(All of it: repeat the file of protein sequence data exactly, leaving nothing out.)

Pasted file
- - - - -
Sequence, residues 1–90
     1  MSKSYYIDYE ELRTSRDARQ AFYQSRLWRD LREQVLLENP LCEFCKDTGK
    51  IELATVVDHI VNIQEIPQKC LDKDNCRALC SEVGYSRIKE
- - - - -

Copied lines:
Sequence, residues 1–90
     1  MSKSYYIDYE ELRTSRDARQ AFYQSRLWRD LREQVLLENP LCEFCKDTGK
    51  IELATVVDHI VNIQEIPQKC LDKDNCRALC SEVGYSRIKE